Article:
1. Limited time only! Sign up for a free 30min personal tutor trial with Chegg Tutors
    Dismiss Notice
Dismiss Notice
Join Physics Forums Today!
The friendliest, high quality science and math community on the planet! Everyone who loves science is here!

Homework Help: Surface Integral over a Hemisphere (Work check please! I end up with zero!)

  1. Apr 28, 2010 #1
    1. The problem statement, all variables and given/known data
    Seawater has density 1025 kg/m^3 and flows in a velocity field v=yi+xj, where x, y, and z are measured in meters and the components of v in meters per second. Find the rate of flow outward through the hemisphere x^2+y^2+z^2=9, z≥0

    2. Relevant equations
    Surface integral of F over S is ∫∫ F • dS
    In this case,

    p * ∫∫s F • n dS

    Where n = the cross product between rtheta and rphi.

    3. The attempt at a solution
    First, I parameterized the surface:

    [tex]\vec r(\theta,\phi) = \langle 3\sin\phi\cos\theta,3\sin\phi\sin\theta,3\cos\phi \rangle[/tex]
    Where 0 < theta < 2pi and 0 < phi < pi/2.

    Partial with respect to theta:
    [tex]\vec r_{\theta}(\theta,\phi) = \langle -3\sin\phi\sin\theta, 3\sin\phi\cos\theta, 0 \rangle[/tex]

    Partial with respect to phi:
    [tex]\vec r_{\phi}(\theta,\phi) = \langle 3\cos\phi\cos\theta, 3\cos\phi\sin\theta, -3\sin\phi \rangle[/tex]

    [tex]\vec r_{\phi}(\theta,\phi) \times r_{\theta}(\theta,\phi) = \langle 9\sin^{2}\phi\cos\theta, 9\sin^{2}\phi\sin\theta, 9\cos\phi\sin\phi \rangle[/tex]

    Next, I look at the velocity field and grab the velocity vector:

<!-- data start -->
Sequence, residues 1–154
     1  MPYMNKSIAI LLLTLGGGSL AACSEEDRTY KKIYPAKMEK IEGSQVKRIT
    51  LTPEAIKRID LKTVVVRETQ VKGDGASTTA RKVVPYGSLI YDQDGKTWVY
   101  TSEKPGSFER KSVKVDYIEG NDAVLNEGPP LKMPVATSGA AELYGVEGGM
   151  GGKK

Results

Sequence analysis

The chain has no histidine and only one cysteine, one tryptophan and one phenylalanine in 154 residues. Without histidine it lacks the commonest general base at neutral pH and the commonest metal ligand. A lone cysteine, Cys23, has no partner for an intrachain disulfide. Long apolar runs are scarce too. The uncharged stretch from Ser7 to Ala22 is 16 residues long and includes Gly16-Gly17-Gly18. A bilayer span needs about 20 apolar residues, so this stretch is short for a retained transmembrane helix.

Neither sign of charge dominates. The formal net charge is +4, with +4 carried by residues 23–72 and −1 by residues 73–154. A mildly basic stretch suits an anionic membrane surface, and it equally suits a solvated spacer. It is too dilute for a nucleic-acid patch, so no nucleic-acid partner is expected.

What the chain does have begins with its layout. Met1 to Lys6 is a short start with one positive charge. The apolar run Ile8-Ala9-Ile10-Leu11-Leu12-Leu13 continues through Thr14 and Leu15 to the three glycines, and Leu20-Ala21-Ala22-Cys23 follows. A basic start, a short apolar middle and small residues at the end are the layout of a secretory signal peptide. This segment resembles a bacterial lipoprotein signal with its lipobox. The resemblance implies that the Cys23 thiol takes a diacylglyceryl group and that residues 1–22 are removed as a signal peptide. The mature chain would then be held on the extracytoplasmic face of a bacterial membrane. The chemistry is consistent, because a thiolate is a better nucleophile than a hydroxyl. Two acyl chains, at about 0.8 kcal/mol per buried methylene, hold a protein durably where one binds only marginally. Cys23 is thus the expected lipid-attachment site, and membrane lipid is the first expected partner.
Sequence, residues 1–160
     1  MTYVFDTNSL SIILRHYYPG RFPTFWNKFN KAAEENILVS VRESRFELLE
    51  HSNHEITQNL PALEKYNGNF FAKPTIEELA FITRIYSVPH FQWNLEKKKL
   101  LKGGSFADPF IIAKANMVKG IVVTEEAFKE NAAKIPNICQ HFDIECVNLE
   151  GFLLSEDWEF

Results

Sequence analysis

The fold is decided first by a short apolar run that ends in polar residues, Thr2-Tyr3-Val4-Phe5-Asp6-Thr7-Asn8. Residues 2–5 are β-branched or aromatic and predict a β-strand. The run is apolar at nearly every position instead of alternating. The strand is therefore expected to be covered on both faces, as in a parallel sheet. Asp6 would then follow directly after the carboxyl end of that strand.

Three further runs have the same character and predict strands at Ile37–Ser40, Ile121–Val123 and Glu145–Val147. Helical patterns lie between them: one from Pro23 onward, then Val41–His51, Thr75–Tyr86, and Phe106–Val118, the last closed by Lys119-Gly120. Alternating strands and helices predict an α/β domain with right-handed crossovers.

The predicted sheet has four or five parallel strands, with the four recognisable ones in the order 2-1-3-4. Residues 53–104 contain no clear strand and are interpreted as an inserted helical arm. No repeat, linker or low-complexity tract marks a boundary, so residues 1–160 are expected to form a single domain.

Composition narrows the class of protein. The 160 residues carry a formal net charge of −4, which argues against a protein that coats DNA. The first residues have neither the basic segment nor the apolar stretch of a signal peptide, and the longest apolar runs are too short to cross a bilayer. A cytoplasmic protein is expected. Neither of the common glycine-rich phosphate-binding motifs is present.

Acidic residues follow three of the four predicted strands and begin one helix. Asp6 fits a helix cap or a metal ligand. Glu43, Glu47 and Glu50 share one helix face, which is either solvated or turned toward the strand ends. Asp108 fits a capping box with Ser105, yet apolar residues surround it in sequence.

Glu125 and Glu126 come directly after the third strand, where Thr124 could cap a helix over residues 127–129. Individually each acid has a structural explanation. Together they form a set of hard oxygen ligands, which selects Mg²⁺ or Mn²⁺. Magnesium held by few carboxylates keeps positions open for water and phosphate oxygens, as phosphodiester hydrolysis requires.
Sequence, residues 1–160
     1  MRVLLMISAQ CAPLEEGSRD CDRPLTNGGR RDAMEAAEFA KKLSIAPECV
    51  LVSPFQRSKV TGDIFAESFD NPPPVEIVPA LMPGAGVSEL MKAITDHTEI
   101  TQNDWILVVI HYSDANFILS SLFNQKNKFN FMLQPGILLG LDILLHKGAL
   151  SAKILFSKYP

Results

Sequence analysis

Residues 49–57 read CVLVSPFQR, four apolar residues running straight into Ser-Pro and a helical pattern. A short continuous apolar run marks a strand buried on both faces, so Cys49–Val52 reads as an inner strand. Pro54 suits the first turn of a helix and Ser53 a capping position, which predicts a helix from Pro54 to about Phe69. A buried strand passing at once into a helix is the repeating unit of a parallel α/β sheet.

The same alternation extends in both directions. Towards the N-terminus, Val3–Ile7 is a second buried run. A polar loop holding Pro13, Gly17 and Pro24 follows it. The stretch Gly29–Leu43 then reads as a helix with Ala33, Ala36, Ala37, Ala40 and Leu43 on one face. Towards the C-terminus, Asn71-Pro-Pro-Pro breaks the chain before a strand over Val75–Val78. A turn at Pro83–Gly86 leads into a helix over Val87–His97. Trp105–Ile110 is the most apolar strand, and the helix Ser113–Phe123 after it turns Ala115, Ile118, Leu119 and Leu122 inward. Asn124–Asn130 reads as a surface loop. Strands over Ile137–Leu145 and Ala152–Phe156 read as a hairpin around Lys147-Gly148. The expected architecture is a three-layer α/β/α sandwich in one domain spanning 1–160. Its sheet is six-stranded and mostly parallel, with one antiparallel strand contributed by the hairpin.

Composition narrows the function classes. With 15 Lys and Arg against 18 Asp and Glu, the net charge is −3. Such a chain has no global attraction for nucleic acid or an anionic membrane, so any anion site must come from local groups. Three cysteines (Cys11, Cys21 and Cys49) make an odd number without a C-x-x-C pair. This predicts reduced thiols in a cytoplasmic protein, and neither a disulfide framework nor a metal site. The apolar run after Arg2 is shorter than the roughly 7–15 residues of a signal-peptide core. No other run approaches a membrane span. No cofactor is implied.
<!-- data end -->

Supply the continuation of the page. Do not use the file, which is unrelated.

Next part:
[tex]\vec v = \langle 3\sin\phi\sin\theta,3\sin\phi\cos\theta,0 \rangle[/tex]

    I am now set to integrate:
    [tex]\int\int_S \delta\vec v \cdot d\vec S = \int\int_{(\phi,\theta)} \delta\vec v \cdot \vec r_\phi \times \vec r_\theta\ d\phi d\theta[/tex]

    [tex]\int^{2\pi}_{0}\int^{\pi/2}_{0} (1025)* \langle 3\sin\phi\sin\theta,3\sin\phi\cos\theta,0 \rangle \cdot \langle 9\sin^{2}\phi\cos\theta, 9\sin^{2}\phi\sin\theta, 9\cos\phi\sin\phi \rangle d\phi d\theta[/tex]

    After the dot product I end up with....
    27sin^3(phi)cos(theta)sin(theta) + 27sin^3(phi)cos(theta)sin(theta)
    which, I simpify to:

    Split the integral in two.
    [tex](1025)*54*(\int^{2\pi}_{0} \cos\theta\sin\theta d\theta) (\int^{pi/2}_{0} \sin_^{3}\phi d\phi[/tex]

    Trig Identity Substitution:
    [tex](1025)*27*(\int^{2\pi}_{0} -1/2\sin2\theta d\theta) (\int^{pi/2}_{0} (1-\cos\phi^{2})\sin\phi d\phi[/tex]

    So, I end up with...

    [tex]1025*27*((-1/2\cos\theta)^{2\pi}_{0}) ( \cos^{3}\theta/3-\cos\theta)^{\pi/2}_{0})[/tex]

    Giving me...
    [tex]1025*27*(0) ( \cos^{3}\theta/3-\cos\theta)^{\pi/2}_{0}) = 0[/tex]

    Last edited: Apr 28, 2010
  2. jcsd
  3. Apr 29, 2010 #2


    User Avatar
    Science Advisor

    Yes, that is correct (and nice work!), the total flow through the hemisphere is 0. The flow is "anti- symmetric" about the z- axis. The flow through a given point, (x, y, z), on the hemisphere is canceled by the flow through (-x, -y, z).
Share this great discussion with others via Reddit, Google+, Twitter, or Facebook